September 14, 2012

Good News: documenta 13

Carolyn Christov-Bakargiev. Photo: Eduardo Knapp



Humor and art are often seen as contradictory in Germany. The artist works in all seriousness metaphorically and metaphysically in-depth. Yet even the redeemer and shaman Joseph Beuys sung funny songs like Sonne statt Reagan. No surprise that Carolyn Christov-Bakargiev's call for the emancipation of dogs and strawberries confused the press. Was the chief curator of documenta 13 making a a joke or was she serious? Also in the exhibition itself Carolyn Christov-Bakargiev makes curatorial statements that are not without ambiguity. In Fridericianum, the key venue of documenta, the intellectual focal point called the brain is installed: in this small space at the core of the Fridericianum a fine selection of art pieces and historical objects establishes a tight web of associations, of which the threads are spun further throughout the various venues of the documenta. Inscribed on the glass wall of the brain is Lawrence Weiner's THE MIDDLE OF THE MIDDLE OF THE MIDDLE OF – a thought breaker throwing documenta's centerpiece slightly off balance.

This self-deprecating twist of the curator and her team is also palpable upon entering the Fridericianum. To leave space vacant at such a crowded event, at the very entrance of its main venue Fridericianum, is quite a curatorial statement. The emptiness has been described by many critics as a critique on packed art fairs or as an inquiry on perception. In the empty wings on ground floor level the visitor can experience an ephemeral sensation: alternating a summer breeze blowing gently across the face, a strong wind pushing on your back, or a draft making you look for shelter. This wind, created by fans, is an artwork of Ryan Gender, titled I Need Some Meaning I Can Memorize. In a display case a letter by the artist Kai Althoff is on show. In the five page long letter the artist explains the reasons for his withdrawal from documenta 13: the pressure to produce, an overloaded schedule, a tight time frame, and his inability to work like that. By showing the letter, one of the main parameters of exhibition-making is made clear: the dialogue between artist and curator. Most of the work on display at the documenta is made on commission. This means that there is only so much the curator has in control whereas the artist has to make a piece that fits the framework of the exhibition. By showing the letter boundaries are made apparent.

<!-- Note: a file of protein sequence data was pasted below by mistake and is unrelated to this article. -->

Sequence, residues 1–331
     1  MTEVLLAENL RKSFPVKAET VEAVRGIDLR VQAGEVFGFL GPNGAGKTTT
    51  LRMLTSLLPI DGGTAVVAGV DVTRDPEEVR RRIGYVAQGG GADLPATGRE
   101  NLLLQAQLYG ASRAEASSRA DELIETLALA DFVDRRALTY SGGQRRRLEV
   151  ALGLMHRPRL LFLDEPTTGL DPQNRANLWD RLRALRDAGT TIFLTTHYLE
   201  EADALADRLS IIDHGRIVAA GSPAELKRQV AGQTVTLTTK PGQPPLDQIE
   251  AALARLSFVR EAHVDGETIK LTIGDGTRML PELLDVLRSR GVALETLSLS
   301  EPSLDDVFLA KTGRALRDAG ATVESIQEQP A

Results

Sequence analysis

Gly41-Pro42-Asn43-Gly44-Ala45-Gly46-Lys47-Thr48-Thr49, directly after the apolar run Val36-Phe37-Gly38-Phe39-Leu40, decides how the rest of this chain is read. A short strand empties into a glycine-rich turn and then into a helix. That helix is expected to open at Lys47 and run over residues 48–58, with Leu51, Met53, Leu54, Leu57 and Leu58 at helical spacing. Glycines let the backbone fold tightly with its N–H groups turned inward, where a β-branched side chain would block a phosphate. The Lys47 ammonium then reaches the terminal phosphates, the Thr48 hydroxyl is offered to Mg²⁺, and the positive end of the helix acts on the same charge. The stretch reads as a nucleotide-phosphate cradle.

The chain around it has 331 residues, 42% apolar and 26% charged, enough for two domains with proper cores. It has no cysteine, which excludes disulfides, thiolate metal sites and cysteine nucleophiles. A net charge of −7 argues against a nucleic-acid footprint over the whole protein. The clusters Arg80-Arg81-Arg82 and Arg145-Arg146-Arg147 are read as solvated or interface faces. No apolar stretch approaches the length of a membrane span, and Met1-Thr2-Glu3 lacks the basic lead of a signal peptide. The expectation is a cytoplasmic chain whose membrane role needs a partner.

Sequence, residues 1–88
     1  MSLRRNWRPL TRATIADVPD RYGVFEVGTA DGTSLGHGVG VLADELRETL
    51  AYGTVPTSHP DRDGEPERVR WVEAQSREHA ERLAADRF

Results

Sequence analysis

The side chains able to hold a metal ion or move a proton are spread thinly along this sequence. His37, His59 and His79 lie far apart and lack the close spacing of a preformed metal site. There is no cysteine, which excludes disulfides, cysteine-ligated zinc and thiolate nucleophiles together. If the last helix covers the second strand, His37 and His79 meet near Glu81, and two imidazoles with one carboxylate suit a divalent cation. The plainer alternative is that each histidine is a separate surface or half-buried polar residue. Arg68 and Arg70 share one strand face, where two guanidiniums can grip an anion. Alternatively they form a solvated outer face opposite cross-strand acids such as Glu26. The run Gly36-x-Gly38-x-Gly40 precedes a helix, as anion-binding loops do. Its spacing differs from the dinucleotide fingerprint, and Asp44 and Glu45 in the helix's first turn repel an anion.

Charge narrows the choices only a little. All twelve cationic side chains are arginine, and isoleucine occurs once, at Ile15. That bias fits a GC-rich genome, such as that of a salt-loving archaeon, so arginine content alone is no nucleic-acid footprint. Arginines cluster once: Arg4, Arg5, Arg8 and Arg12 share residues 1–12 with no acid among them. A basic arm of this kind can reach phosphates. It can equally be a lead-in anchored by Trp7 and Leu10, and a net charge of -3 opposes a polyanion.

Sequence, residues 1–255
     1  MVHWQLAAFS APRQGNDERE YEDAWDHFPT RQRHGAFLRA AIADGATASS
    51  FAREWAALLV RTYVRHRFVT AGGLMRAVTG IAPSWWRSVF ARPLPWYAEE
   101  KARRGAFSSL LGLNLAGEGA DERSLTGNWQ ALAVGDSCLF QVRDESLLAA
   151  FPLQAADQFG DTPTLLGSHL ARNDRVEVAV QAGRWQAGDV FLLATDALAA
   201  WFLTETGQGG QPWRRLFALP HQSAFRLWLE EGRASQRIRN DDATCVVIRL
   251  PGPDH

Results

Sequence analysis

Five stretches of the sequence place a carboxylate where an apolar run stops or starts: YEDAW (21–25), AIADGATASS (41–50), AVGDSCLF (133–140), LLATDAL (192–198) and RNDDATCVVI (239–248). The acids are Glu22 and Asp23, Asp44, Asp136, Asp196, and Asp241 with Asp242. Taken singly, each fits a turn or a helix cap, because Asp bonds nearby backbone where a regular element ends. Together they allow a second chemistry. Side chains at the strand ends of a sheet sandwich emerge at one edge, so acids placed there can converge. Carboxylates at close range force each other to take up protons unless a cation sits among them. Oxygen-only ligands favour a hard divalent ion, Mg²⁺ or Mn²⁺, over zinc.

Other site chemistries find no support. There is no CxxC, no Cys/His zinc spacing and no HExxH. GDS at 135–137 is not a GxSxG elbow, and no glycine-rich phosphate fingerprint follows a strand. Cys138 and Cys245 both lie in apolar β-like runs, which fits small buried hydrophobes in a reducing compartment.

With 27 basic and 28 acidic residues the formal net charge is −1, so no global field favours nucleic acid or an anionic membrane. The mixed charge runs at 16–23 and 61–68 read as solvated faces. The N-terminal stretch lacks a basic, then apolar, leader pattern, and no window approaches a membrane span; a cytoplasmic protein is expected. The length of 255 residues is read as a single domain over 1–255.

To shake up own boundaries: in that context it is worthwhile to have a look at the agents, which Carolyn Christov-Bakargiev engaged to join her curatorial team: surrounding oneself with persons with ideas, like, for example, Chus Martínes, instead of opting for the safety of a non-threatening mediocracy is remarkable. Astonishing is also that documenta 13 gives the impression that equality has finally become a “normality”. With ease artists of both sexes are represented to a same extent – female artists, a wild guess, might even dominate at documenta 13. The wind that warps the smooth exhibition space at the entrance, makes the visitor also aware of his/her own body and its positioning. Art is not a free-floating space, where one can find liberation. Art, Carolyn Christov-Bakargiev writes in her opening text to documenta, „is an exercise in ambivalence.“ One could say that, like Alexander Kluge, Carolyn Christov-Bakargiev has an interest for the gaps in our cosmic systems, the cocoons we live in.“ This interest for the cracks in history brings about many fascinating stories – a great story does not necessarily make great art, or sometimes it is rather the story an art piece goes through that makes it better. Yet at some points it does, and the good news is: it does so occasionally at documenta 13.

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